Michigan authorities struggle to contain gas spill

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Michigan authorities struggle to contain gas spill

By AMY FRANKLIN, Associated Press

JACKSON, Mich. (June 13, 2000 6:21 p.m. EDT http://www.nandotimes.com) - As workers Tuesday continued repairs on a ruptured gasoline pipeline that provides about 30 percent of the state's gas, officials said a quick reaction to the spill prevented a larger disaster.

Repairs to the 16-inch pipeline should be completed by Thursday, allowing gasoline to flow from Chicago to Detroit for the first time in more than a week, said Ron Embry, a chemical engineer for Wolverine Pipe Line Co., which owns the system.

Workers caught much of the 75,000 gallons of spilled gasoline before it reached ground and surface water, said Ralph Dollhopf, a coordinator for the U.S. Environmental Protection Agency. The Grand River did not sustain heavy damage, he said.

Although the Jackson County Health Department doesn't believe any of the ground water or water wells were polluted by the spill, the department is providing free bottled water to residents, said Ted Westmeier, a county health officer.

Most residents of the 500 homes that were evacuated had returned home by Monday. Officials were still investigating the safety of two homes near a pond that had heavy gasoline seepage.

"Returning 600 families within a four-day period, and checking each home individually, was really a major accomplishment," Dollhopf said.

Gov. John Engler lifted Tuesday the local state of emergency he declared last week for Jackson County's Blackman Township.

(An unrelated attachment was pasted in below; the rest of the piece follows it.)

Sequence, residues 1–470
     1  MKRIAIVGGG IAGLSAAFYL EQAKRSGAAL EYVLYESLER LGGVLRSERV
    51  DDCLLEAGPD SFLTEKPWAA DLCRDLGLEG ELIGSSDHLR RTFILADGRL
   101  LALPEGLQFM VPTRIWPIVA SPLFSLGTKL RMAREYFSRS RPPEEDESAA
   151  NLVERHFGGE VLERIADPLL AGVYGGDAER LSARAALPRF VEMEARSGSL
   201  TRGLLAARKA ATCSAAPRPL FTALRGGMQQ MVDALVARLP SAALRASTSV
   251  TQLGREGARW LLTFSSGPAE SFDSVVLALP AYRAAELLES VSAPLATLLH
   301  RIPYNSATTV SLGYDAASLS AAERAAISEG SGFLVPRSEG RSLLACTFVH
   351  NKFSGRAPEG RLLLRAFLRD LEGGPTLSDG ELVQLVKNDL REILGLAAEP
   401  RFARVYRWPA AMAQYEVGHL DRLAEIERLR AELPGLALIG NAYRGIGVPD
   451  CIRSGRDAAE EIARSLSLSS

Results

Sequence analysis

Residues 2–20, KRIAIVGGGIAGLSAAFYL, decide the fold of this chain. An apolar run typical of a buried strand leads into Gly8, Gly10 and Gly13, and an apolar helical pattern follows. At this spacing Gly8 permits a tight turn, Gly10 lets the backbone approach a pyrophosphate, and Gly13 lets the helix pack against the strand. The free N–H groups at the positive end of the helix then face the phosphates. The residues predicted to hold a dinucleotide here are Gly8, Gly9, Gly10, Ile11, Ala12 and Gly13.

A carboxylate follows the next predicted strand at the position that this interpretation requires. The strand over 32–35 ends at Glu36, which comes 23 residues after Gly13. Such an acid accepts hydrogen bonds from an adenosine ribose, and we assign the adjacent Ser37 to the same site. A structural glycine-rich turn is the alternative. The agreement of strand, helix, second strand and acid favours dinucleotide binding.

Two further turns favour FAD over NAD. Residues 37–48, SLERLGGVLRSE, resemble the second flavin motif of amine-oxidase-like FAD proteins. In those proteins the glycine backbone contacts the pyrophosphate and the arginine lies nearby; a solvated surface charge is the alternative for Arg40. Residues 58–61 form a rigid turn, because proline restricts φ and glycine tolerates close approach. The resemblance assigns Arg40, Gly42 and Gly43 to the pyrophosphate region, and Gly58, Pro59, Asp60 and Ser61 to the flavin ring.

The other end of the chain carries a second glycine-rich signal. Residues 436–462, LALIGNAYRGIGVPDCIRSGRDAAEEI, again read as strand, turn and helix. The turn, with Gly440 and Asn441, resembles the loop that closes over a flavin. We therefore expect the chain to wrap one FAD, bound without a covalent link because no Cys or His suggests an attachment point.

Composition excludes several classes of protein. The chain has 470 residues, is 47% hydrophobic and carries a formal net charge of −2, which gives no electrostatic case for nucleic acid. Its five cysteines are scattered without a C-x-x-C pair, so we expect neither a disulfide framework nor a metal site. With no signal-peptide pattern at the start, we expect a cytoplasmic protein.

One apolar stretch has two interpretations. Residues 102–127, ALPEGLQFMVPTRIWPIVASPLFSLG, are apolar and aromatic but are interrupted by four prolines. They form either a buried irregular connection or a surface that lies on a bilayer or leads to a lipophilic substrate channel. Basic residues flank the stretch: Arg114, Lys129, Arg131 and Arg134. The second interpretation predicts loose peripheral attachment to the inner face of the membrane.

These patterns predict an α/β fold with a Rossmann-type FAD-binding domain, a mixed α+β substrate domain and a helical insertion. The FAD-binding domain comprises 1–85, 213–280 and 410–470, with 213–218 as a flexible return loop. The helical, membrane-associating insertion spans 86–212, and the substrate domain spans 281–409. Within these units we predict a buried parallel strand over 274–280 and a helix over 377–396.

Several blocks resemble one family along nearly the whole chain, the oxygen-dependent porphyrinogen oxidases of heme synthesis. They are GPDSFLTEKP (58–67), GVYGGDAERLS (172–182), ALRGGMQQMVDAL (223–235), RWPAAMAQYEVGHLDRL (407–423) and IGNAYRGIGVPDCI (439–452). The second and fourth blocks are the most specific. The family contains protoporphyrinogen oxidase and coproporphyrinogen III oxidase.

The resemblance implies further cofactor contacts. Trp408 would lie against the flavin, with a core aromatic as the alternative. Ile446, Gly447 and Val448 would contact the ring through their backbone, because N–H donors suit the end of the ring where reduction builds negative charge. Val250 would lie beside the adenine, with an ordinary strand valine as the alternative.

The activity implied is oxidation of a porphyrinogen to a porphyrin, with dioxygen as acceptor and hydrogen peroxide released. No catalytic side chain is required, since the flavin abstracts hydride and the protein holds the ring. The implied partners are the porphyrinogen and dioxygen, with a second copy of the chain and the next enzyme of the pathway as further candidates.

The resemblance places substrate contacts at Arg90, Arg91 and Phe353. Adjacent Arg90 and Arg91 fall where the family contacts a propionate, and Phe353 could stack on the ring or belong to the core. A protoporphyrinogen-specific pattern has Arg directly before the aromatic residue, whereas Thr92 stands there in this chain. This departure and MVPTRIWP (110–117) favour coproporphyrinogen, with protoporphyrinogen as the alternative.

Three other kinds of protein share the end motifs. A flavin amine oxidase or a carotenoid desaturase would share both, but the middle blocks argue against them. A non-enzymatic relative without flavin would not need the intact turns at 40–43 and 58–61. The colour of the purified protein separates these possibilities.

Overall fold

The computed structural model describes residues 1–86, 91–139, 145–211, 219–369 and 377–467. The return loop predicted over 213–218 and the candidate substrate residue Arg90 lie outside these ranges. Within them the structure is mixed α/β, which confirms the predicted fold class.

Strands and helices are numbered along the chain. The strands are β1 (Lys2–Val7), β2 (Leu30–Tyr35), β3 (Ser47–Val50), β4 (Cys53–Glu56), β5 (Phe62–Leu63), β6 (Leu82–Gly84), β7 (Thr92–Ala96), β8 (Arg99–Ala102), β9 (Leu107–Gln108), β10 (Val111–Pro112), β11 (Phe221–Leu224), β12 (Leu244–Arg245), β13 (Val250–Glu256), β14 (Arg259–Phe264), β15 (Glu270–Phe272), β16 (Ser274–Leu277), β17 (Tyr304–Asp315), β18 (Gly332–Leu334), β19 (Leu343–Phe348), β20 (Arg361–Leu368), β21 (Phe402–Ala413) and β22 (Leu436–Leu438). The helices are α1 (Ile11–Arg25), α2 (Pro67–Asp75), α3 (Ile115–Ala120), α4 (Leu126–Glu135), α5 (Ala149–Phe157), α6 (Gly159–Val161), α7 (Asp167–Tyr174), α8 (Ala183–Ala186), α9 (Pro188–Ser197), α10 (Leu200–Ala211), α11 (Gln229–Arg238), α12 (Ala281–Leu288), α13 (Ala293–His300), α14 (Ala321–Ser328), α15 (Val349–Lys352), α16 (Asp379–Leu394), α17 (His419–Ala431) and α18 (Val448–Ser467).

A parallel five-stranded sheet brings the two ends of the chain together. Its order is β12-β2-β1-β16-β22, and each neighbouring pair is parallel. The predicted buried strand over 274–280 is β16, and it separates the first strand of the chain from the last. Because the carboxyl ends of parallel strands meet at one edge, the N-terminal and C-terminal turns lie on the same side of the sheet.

"For the residents who have been directly affected by the gasoline pipeline rupture, life can now return to normal," Engler said.

Officials said that environmental testing will continue around the area.

Last Wednesday's spill forced the closing of the pipeline that brings in 7 million gallons of gas to the state each day. The spill helped drive Michigan gasoline prices above $2 a gallon.

Wolverine officials originally had planned to get the pipe fixed by last weekend. But that deadline had to be pushed back.

"The work is going a little slower than we had hoped, but with safety being as important as it is, we are committed to doing the work at the pace it's at," Embry said.

Within three hours of the spill last Wednesday, several EPA officials were in Jackson, Jackson County Sheriff Hank Zavislak said. At the peak of efforts to contain the spill, 300 workers were at the site.

The company's repair plan must be approved by the U.S. Department of Transportation's Office of Pipeline Safety, and the repair must be inspected before the line can be reopened, officials said.

Without the pipeline to transport gasoline, between 120 and 200 tanker trucks are carrying 12,000 gallons of gasoline out of Jackson every 24 hours, Zavislak said.

Neither the county officials nor Wolverine representatives have estimated the total cost of the spill.

Senate Democrats on Tuesday reacted to the spike in gasoline prices by announcing the formation of a task force to investigate the high cost of fuel in Michigan.

Senate Democratic Leader John Cherry of Clio said gasoline prices vary a lot among the states. He said the group will investigate why the differences exist and find ways to lower the cost of gasoline in Michigan.


-- Martin Thompson (mthom1927@aol.com), June 14, 2000

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